There’s clearly not much cooking on the Hot Stove when Rafael Palmeiro’s comment on making a comeback gets so much attention. Former Mississippi State star Palmeiro floated the idea in a published report that he can still play at the big league level. It’s hard to take this seriously. He is 53. He last played in an MLB game 12 years ago. True, he did go 2-for-4 in one appearance for the independent Sugar Land Skeeters in 2015. But it’s a long way from the Atlantic League to the major leagues. Palmeiro is in both the 500-homer and 3,000-hit clubs but not the Hall of Fame, mainly because of a failed drug test in 2005 that came not long after he defiantly wagged his finger at Congress during its inquiry into PEDs. Palmeiro fell off the Hall of Fame ballot in short order. “Maybe 12 years later, if I can come back and prove I don’t need anything as an older player with an older body, then people might think, OK, maybe he didn’t do anything intentionally,” Palmeiro told The Athletic. That sounds pretty far-fetched.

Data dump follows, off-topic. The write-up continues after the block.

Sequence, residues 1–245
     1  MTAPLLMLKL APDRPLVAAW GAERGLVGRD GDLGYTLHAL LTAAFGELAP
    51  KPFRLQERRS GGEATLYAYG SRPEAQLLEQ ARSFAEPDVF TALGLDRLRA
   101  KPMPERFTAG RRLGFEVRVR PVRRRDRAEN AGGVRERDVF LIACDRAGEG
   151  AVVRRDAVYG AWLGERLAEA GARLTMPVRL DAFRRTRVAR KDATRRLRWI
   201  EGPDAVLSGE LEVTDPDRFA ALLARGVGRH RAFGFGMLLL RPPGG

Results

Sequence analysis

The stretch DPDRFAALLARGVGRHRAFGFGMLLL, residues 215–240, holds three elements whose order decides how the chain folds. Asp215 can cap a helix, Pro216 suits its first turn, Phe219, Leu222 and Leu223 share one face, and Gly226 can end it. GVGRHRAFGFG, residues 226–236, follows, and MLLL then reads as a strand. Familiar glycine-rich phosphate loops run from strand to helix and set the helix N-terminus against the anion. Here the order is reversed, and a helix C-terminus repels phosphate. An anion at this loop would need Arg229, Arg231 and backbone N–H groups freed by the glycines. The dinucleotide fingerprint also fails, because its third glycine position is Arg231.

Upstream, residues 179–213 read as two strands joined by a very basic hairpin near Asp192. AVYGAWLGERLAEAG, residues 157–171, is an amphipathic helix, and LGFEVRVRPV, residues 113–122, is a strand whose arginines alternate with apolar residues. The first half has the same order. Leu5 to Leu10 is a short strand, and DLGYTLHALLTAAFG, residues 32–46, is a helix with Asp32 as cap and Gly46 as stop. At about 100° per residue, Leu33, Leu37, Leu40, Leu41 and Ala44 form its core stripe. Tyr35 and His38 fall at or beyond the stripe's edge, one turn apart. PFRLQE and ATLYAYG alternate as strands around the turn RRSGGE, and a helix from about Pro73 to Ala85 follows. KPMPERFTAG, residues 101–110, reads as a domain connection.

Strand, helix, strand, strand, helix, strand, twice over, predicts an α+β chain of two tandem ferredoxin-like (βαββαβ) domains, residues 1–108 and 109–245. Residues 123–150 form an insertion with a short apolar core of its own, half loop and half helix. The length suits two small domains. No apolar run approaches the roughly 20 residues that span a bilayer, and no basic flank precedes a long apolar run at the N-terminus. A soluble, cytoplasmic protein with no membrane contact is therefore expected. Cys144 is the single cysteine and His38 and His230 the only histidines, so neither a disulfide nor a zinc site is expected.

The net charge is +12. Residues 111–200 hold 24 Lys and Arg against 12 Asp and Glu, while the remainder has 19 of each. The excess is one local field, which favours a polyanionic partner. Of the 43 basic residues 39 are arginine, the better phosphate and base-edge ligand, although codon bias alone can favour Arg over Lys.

The 3,000-hit club expanded to 30 members with the addition of Ichiro Suzuki on Sunday. Rafael Palmeiro, the former Mississippi State standout, is in the club (with 3,020 hits), but no native Mississippians have reached that hallowed plateau. The closest anyone has come to date is Dave Parker, who retired in 1991 with 2,712 knocks. However, a Mississippi native was directly involved in a 3,000th hit. Vicksburg’s John Thomson yielded Rickey Henderson’s milestone hit — a double — on Oct. 7, 2001. Thomson was pitching for Colorado, Henderson batting for San Diego. Thomson won 63 games over a 10-year big league career and made a couple of rehab appearances with the Mississippi Braves (in 2005 and ’06).